CEO of White Bullet Solutions, Peter Szyszko (pictured below), writes exclusively for ExchangeWire about how the increased streaming has lead to a rise in piracy, and explains why brands must remain vigilant.
As the world gets used to living behind closed doors, some companies find themselves perfectly positioned. Supermarkets, for all their challenges, are suddenly taking all the trade pubs and restaurants recently enjoyed. And meanwhile Disney’s launch of its Disney+ service, spearheaded by its long-awaited Star Wars series The Mandalorian, Baby Yoda and all, could not have hit at a better time.
Subscription video consumption in general has grown dramatically under lockdown, with Netflix and other services seeing a massive rise in concurrent streaming hours. In some instances, streaming companies have resorted to lowering the quality of their streams in order to meet demand while reducing server load and managing bandwidth issues.
Unfortunately, as we adjust to living life even more online than usual, internet pirates are benefitting as well. In the US and UK, White Bullet’s Q1 2020 data shows an increase of more than 50% in page views of the top pirate websites since the last quarter – growth that likely owes itself to increased hunger for free content as people spend more time at home with fewer distractions.
The sharp rise in page views naturally means more advertising will be displayed to those new visitors in search of pirated films, TV and other entertainments. And more eyeballs means more money for the pirate websites and the ad networks who place those ads.
White Bullet has counted more than six billion ad impressions on pirate websites in Q1 alone. We will be producing an estimate of how much ad revenue is going to pirate websites in the weeks to come.
There have been loud and clear calls from the advertising industry for ad companies to treat pirate websites as they treat other publishers of illegal and inappropriate content, and simply stop serving them ads. Nonetheless, there has been a 163% increase in branded ads on high-risk pirate websites since December 2019 – even before global lockdowns began. For premium, household-name brands, the increase over that period stands at 150%, which ought to make this a matter for major concern.
Brands hold all the power and a share of the responsibility here. Intermediaries are not likely to stop placing premium brand ads on pirate websites voluntarily. Why would they, when they get paid for all ad impressions? The only way ad-funded piracy will stop is for brands to lean heavily on the companies in their ad supply chain and tell them not to serve ads on pirate websites. Ad companies will listen to the brands that ultimately pay them.
The problem is that brands do not have good information about when their adverts appear on pirate websites. White Bullet already provides this data to many brands, helping them identify such instances of non-compliance by their ad companies. And if the advertising and marketing business does not self-regulate in this way, regulators will make good on their threat to step in.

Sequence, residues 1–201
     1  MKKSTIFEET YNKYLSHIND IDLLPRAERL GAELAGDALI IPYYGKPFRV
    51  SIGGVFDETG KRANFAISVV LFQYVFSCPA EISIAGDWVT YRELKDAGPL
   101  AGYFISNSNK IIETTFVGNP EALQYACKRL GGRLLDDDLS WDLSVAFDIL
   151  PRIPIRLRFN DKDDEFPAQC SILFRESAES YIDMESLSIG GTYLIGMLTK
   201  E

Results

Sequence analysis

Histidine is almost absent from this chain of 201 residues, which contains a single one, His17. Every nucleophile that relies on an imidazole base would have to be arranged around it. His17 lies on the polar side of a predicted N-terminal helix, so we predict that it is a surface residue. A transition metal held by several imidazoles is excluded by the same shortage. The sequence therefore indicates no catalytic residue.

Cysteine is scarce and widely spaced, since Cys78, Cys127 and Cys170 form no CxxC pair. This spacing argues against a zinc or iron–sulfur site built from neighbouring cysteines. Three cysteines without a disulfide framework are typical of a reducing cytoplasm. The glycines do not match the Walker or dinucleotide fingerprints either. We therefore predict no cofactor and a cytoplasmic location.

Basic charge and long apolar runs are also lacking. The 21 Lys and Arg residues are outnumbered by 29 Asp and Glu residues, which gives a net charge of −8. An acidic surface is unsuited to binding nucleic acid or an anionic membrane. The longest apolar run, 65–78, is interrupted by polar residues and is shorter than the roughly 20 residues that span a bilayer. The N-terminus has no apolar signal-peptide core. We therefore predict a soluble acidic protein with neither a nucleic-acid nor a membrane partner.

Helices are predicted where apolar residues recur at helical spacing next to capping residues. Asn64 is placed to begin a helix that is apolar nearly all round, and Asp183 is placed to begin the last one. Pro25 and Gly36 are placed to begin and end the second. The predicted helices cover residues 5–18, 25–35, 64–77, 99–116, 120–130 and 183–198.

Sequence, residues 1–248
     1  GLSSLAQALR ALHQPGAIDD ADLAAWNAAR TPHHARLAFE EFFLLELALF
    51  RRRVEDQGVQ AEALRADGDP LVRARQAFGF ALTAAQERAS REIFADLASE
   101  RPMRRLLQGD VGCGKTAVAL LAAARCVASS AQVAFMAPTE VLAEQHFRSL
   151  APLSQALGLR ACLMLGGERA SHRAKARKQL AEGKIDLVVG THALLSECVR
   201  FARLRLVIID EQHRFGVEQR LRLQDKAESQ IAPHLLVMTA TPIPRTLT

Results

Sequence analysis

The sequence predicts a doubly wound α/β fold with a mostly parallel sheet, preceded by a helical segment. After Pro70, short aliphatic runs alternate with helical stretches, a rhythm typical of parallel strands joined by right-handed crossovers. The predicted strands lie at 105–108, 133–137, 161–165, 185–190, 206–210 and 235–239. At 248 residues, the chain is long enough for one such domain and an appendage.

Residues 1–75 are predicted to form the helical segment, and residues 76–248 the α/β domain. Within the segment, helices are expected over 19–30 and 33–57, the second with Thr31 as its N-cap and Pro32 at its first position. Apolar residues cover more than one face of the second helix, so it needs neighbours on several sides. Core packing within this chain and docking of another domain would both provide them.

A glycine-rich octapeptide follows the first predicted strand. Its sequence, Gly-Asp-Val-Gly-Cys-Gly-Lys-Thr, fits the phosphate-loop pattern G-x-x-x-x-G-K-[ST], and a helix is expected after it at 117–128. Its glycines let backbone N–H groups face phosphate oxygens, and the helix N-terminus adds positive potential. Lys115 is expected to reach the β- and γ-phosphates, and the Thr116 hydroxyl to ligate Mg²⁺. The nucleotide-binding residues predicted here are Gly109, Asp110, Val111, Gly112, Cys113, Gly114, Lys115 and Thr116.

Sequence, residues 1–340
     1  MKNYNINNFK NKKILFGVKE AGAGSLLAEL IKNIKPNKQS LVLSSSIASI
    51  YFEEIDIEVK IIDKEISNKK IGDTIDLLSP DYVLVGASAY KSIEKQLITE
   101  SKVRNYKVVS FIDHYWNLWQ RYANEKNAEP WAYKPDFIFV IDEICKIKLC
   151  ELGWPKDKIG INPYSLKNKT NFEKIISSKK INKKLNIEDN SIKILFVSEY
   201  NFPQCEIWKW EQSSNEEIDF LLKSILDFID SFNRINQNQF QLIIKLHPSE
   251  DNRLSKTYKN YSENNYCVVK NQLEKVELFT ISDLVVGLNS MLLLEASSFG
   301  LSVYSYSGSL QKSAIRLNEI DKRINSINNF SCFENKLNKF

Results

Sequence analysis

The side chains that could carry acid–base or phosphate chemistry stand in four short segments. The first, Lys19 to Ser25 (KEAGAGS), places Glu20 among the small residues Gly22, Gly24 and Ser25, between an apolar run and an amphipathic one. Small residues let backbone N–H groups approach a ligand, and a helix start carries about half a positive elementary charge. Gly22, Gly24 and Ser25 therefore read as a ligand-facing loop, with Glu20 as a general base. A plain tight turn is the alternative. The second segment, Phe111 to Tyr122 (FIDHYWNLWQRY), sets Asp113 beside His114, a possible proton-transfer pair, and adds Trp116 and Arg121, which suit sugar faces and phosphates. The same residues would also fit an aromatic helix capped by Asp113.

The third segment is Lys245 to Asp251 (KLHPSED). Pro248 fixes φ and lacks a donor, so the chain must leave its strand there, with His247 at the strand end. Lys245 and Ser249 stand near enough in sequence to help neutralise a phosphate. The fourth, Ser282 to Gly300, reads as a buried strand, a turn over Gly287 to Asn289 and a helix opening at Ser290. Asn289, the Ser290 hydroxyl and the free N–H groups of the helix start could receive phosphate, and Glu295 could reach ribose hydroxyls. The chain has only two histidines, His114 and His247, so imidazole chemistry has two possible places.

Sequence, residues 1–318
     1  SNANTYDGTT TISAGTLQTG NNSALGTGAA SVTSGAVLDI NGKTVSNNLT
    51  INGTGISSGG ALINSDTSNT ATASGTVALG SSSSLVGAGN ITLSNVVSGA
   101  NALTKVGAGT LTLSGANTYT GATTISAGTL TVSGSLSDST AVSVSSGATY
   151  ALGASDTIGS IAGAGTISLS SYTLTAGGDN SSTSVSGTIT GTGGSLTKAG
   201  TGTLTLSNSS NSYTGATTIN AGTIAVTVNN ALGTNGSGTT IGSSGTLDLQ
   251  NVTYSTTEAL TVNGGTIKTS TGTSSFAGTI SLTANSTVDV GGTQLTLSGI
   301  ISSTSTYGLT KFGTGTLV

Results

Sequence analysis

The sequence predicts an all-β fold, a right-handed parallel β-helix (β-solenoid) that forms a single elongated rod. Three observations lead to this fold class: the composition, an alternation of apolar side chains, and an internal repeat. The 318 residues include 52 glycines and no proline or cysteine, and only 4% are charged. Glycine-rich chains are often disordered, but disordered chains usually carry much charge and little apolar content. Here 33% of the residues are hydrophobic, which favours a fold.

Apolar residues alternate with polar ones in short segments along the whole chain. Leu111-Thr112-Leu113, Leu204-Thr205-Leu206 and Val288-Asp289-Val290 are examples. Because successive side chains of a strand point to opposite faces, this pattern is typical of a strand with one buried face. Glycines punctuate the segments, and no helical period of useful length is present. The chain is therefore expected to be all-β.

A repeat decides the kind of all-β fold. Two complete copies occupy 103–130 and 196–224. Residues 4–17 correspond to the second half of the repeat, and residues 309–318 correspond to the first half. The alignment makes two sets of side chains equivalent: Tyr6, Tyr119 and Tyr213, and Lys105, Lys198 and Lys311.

Brands have a duty to become and remain compliant for many reasons:
- Ads persistently appearing on websites that contain offensive or illegal content cause damage to their own brand.
- Ads displayed on high-risk websites fund content thieves, cybercriminals and real-world crime.
- Ads on high-risk websites hurt vulnerable consumers, due to the ubiquitous data-miners, browser-hijackers, phishing thieves and malware that are proven to dwell on those sites. White Bullet’s latest data shows that nearly 20% of pirate and high-risk websites host malware and other fraudulent activity, much of it designed to acquire private information that is passed in turn to cybercriminals.
- The solution, for brands and for the internet ecosystem at large, requires a combination of elements to work together. Brands must demand compliance from their digital ad partners to specifically stop ad placement on pirate websites. Brands need to track their partners’ compliance through access to up-to-date transparency data and evidence of when their ads appear on pirate websites.
- Across Europe, the authorities that seek to stop ad funding to criminal websites are well aware of these issues. In this country, the Trustworthy Accountability Group (TAG) and the UK Intellectual Property Office (IPO), among others, already track non-compliant brands and their ad companies, and have launched recent enforcement programmes designed to put a stop to these practices.
- Brands need to ensure they are on the right side of this problem. The outside world may have gone quiet, but behind all those misplaced ads, things are getting very active indeed. Let’s not allow the stealth criminals of the web to become further beneficiaries of the lockdown economy.